A perfect storm

Supreme Court of the United States.

As part of their longstanding pro-life effort, the nation’s Catholic bishops and the grassroots mobilizing network assisting them, the National Committee for a Human Life Amendment (NCHLA), have urged Congress in recent years to do two things: maintain longstanding and widely supported policies against federal funding and promotion of abortion, and protect the conscience rights of those who respect human life in our health care system.   

In July, both goals came under attack, from two of the most extreme legislative proposals I have seen in over three decades of public policy work. Their enactment would create a “perfect storm” of policy against unborn human life, pushing pro-life convictions to the margins of public life. Both bills are advanced using titles and slogans that mask what they do.

The first is the “Protect Women’s Health From Corporate Interference Act,” (S. 2578).  It has little to do with either women’s health or “corporate interference.” It’s been called a response to the Supreme Court’s recent Hobby Lobby decision, which upheld the religious freedom of family-owned businesses that object to covering abortifacient drugs and devices in their health plan. 

The bill’s supporters say they are defending women’s “access” to the contraceptives they want. But as leaders of the U.S. bishops’ conference explained in a letter to the Senate, “the bill ranges far beyond that decision, potentially attacking all existing federal protections of conscience and religious freedom regarding health coverage mandates.”

 

The enactment of two of the most extreme legislative proposals I have seen in over three decades of public policy work would create a “perfect storm” of policy against unborn human life, pushing pro-life convictions to the margins of public life. 

 

The operative text of the bill never mentions contraception. It says that when a federal law or regulation requires inclusion of any item in health plans across the country, that mandate will override “any other provision of federal law” — including the Religious Freedom Restoration Act that protected Christian families in the Hobby Lobby case. Such mandates will apply to all kinds of health plans, not just employer plans, and will override everyone’s religious freedom — including the freedom of women themselves, some of whom may not want their health plans promoting “free” late-term abortions, for example, to their minor daughters.

And yet the bill is supported by 58 out of 100 U.S. Senators — all 55 Democrats and three Republicans. It was blocked from coming to the Senate floor in July, but supporters may try again soon.

The other bill, which makes the Supreme Court’s Roe v. Wade decision on abortion look tame by comparison, is called the “Women’s Health Protection Act” (S. 1696). It would knock down almost every state or federal law that seeks to restrain or regulate abortion, by demanding that the law treat abortion as a routine “women’s health procedure.” The unborn child would be given no greater respect than a decayed tooth or a troublesome tumor.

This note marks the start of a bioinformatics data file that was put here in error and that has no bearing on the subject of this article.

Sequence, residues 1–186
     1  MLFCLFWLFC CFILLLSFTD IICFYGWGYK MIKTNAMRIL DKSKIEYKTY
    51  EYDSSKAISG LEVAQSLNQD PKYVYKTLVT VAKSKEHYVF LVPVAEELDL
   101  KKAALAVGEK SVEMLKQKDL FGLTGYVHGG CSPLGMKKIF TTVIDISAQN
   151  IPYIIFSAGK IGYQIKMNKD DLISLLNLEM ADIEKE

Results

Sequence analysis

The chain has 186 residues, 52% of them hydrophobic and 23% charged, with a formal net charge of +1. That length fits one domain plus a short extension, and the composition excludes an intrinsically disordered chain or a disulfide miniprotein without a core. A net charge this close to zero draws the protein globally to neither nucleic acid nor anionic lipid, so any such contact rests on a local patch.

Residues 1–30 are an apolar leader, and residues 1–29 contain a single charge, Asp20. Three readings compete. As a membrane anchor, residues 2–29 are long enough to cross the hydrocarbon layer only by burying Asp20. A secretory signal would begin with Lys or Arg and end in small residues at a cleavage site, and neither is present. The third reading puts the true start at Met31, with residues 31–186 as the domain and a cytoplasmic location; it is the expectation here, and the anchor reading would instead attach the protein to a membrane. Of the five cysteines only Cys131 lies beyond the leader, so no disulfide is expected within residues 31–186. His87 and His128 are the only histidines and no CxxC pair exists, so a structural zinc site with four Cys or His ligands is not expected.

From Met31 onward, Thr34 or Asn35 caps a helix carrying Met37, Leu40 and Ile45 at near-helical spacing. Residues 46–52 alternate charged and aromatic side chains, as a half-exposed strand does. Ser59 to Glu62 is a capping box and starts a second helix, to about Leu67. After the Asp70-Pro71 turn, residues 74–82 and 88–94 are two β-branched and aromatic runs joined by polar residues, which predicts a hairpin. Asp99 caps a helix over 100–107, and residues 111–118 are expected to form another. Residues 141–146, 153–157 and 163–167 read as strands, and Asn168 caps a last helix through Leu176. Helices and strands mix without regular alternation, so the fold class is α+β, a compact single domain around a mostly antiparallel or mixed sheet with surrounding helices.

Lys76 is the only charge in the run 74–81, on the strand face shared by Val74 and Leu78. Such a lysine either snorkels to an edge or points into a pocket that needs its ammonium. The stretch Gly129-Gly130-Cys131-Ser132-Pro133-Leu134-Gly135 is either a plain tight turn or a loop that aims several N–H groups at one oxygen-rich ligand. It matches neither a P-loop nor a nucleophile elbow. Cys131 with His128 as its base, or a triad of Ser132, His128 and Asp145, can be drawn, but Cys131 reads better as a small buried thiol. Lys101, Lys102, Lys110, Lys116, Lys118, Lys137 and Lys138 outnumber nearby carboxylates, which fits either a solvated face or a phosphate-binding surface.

Is this bill committed to women’s health? Well, it says that even if a pro-life law “significantly advances … the health of women,” it must still be knocked down, unless “clear and convincing evidence” shows there is no way to serve women’s health that is “less restrictive” of abortion. In other words, women’s health is not the goal — maximizing and “mainstreaming” abortion is. Alarmingly, this bill has 36 sponsors and just received a committee hearing.

How can such extreme proposals receive serious attention in what some call “the greatest deliberative body in the world”? One answer is that, in a very politicized mid-term election year, legislators think this is what we constituents want. I hope we will tell them that just isn’t so. For help contacting your elected representatives, see the action alerts at www.nchla.org.

 

Richard M. Doerflinger is associate director of the Secretariat of Pro-Life Activities, U.S. Conference of Catholic Bishops. For more on the bishops’ pro-life efforts see www.usccb.org/prolife.


Voices

Jean Beliveau, RIP

REV. RONALD ROLHEISER, OMI

Jean Beliveau was more than an athlete, though certainly he was a one-in-a-million athlete. The record of his achievements almost defies belief. He played in the National Hockey League for 20 seasons and retired with 10 championship rings. 

 

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December 20, 2014

  • Saturday, December 20

    St. Margaret's Center Christmas Program, 10:30 a.m.-4 p.m., Morningside High School (Cafeteria), 10500 S. Yukon Ave, Inglewood. St. Margaret's Center, Inglewood School District, Doorking, Inc., and Centinela Hospital Medical Staff invite you to join them as they create a holiday wonderland with Christmas surprises for more than 1,000 poverty-level children and their parents. (310) 672-2208. Click here for more information.

    Christmas Shop at Holy Grounds, 11:30 a.m.-4 p.m., St. Monica Catholic Community, 725 California Ave., Santa Monica. (310) 566-1500.

    Dancing Festival of Lessons and Carols, 2 p.m. and 7:30 p.m., Holy Spirit Retreat House, 4316 Lanai Rd., Encino. A concert by Valyermo Dancers & Co., choreographed by John West. $15. Contact Sr. Deborah for more info, (818) 784-4515.

    Christmas Dinner Dance, 6 p.m., Knights of Columbus Hall, 21433 Strathern St, Canoga Park. Tickets, $28. (818) 371-0473.

    Las Posadas, 7 p.m., Parish Hall, Sacred Heart Catholic Church, 600 W Mariposa St, Altadena. Posadas means “the inns” or “the shelters” in Spanish. A religious and social celebration, Las Posadas commemorates Joseph and Mary’s journey to Bethlehem and their search for shelter prior to the birth of Christ. We invite you to join us in a one-day celebration of this tradition. (626) 794-2046.

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